Introducing Riddhi – Research Information Co-ordinator

Introducing Riddhi – Research Information Co-ordinator

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Hi all! I’m Riddhi and I’ve just joined the MND Association as a ‘Research Information Co-ordinator’ in the Research Development Team 😊

riddhi-naikYou’ll probably see me across the blog, from writing posts on exciting updates in MND research to replying to your comments, so I thought it would be nice to introduce myself and my background (including how I used ladybirds in neurodegenerative diseases). I’m thrilled to be part of the organisation that continuously strives towards helping people living with and affected by MND through funding research, campaigning and providing care and support. I look forward to exploring all the studies that contribute to finding an effective treatment or cure and then communicating these to you.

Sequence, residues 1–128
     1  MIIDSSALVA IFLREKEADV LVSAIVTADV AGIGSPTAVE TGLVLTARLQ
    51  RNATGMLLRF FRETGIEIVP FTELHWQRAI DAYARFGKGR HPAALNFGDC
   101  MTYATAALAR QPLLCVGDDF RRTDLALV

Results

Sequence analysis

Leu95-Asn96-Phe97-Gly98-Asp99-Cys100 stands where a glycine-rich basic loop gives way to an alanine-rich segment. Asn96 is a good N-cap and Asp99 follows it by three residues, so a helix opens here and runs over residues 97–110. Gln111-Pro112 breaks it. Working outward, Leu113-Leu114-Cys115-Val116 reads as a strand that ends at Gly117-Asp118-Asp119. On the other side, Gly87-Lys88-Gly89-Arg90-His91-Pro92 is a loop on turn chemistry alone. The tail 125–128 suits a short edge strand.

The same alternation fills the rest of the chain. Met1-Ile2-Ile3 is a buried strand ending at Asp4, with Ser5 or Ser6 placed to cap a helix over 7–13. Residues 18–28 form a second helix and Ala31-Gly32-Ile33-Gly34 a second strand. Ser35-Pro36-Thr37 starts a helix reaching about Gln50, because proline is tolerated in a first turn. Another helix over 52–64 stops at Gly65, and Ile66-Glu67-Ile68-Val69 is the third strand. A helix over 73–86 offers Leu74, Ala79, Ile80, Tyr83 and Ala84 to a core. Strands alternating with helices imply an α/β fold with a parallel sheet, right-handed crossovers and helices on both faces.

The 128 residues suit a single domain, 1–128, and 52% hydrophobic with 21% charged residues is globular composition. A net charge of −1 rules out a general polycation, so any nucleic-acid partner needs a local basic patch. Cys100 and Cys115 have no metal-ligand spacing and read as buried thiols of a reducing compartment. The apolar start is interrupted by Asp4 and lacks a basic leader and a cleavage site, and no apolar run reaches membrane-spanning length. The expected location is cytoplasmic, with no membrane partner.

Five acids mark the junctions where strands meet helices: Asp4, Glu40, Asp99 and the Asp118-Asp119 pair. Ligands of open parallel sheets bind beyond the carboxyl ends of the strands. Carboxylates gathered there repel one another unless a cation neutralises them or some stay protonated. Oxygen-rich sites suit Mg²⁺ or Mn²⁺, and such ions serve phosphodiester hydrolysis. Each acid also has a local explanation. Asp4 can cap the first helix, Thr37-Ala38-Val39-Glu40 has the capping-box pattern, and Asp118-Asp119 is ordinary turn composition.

I recently graduated with a Master’s degree in Biology from the University of Nottingham and I have particular interests in neurobiology and medical genetics.

Towards the end of my course, I worked on my own scientific research project which involved investigating the effect of natural toxins (chemicals found in plants/animals) on important ion channels found in the brain. Ion channels are proteins that span across the membrane of cells to allow the passage of important molecules – ions – such as calcium and sodium. These molecules make sure our muscle and nerve cells work in the correct way and at the right time.

Ion channels have been implicated as key players in various neurodegenerative diseases, such as Alzheimer’s disease and MND. The over-activation of ion channels can cause abnormal influx of ions into a cell which can lead to damage or death of a neuron. The aim of my project was to determine if a natural toxin could block this over-activation as a potential therapeutic for neurodegenerative diseases.